Master Brand

Dog Diarrhea: How to Identify It and What to Do

Share on
Intro Text
The signs, causes and remedies for diarrhea in dogs.
Content
Image
A dog drinking out of a water bowl.

It’s an unpleasant reality that at some point, your dog will probably have diarrhea. While loose or runny stool in dogs isn’t always serious, it can signal a more serious medical issue, especially if it lasts longer than a few days.

Signs of Diarrhea in Dogs and Puppies

If your dog’s stool is loose, runny or very mushy, your dog has diarrhea. The reasons your dog might have diarrhea range from minor to potentially serious. Though diarrhea in dogs is common and often nothing to worry about, you should still check with your vet, especially if:

  • Your dog is not behaving normally.
  • Your dog is not eating or drinking normally.
  • There is blood (a red or black color) in the stool.
  • Your puppy’s belly seems bloated.

What Are the Most Common Causes of Diarrhea in Dogs?

Each case of diarrhea in dogs is different. Your dog might be suffering from diarrhea for several reasons, from stress to an upset stomach to a more serious health condition. Understanding the most common causes of diarrhea in dogs can help you identify the issue.

Diet

Your dog’s diet is the biggest factor in the color and consistency of their feces. Often, diarrhea is caused by a simple change in your dog’s diet, or your dog eating something during a walk that irritates their gut. If your dog is on medication, this can also upset their stomach.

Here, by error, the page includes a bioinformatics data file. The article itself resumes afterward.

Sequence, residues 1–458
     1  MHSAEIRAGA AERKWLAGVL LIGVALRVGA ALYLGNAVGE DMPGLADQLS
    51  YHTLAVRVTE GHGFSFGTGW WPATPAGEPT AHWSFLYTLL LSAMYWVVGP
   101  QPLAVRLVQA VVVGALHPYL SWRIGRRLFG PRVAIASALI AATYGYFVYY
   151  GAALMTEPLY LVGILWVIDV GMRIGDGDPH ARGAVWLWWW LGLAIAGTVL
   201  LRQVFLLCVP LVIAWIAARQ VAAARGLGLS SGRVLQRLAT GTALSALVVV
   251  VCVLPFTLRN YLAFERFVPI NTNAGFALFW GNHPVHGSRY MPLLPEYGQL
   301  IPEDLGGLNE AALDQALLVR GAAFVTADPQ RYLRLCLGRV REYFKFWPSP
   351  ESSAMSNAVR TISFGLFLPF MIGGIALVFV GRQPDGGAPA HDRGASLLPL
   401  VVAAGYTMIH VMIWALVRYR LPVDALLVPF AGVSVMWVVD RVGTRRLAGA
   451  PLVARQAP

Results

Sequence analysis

Parasites

Many parasites and infections can also cause diarrhea, including bacterial infections, viral infections or parasitic infestations such as roundworm, whipworm or hookworm. If your dog has an intestinal parasite, you might see worms in your dog’s diarrhea. If so, your vet can prescribe a dewormer to treat the infestation, or you can find several over-the-counter deworming options at a pet store or online retailer.

Food Allergies

Additionally, food intolerances, inflammatory conditions and some more serious conditions can cause diarrhea. Always speak to your vet if you’re concerned about your dog and the consistency of their bowel movements.

Other Causes of Diarrhea in Dogs

While rarer, your dog’s diarrhea could also be caused by one of these conditions: 

  • Bacterial infections
  • Inflammatory bowel disease or irritable bowel disease
  • Pancreatic disease
  • Liver failure
  • Heart disease

What Color Is Your Dog’s Poop?

The color of your dog’s waste can help you determine what is causing their diarrhea. For instance, yellow-colored diarrhea could indicate that your dog has a liver issue. Consult this dog poop color chart to learn more about what your dog’s poop color could mean.

What to Do If Your Dog Has Diarrhea

If your dog has diarrhea, monitor them closely and ensure they’re getting enough water, as diarrhea can quickly dehydrate your dog. If you’re concerned your dog is also unwell, such as if they are repeatedly vomiting, or that the diarrhea is more than a one-time incident, consult your vet.

It’s often unnecessary to withhold food from dogs with diarrhea, particularly in puppies who do not have the bodily reserves of older dogs. However, your dog’s normal food may be too rich for them to cope with at this time, so your vet might recommend you feed them something blander (such as chicken and rice), and give smaller portions four to six times a day.

While messy and unpleasant, dog diarrhea is quite common and usually resolves in a few days. If it doesn’t, look for changes in behavior or a bloated belly, check the color of your dog’s poop and consult a vet for an accurate diagnosis.

Share on